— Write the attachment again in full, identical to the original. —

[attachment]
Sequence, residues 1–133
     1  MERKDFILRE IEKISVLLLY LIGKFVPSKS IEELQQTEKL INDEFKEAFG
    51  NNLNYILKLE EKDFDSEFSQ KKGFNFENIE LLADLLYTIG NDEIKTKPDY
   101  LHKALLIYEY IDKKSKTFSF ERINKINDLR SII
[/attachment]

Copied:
Sequence, residues 1–133
     1  MERKDFILRE IEKISVLLLY LIGKFVPSKS IEELQQTEKL INDEFKEAFG
    51  NNLNYILKLE EKDFDSEFSQ KKGFNFENIE LLADLLYTIG NDEIKTKPDY
   101  LHKALLIYEY IDKKSKTFSF ERINKINDLR SII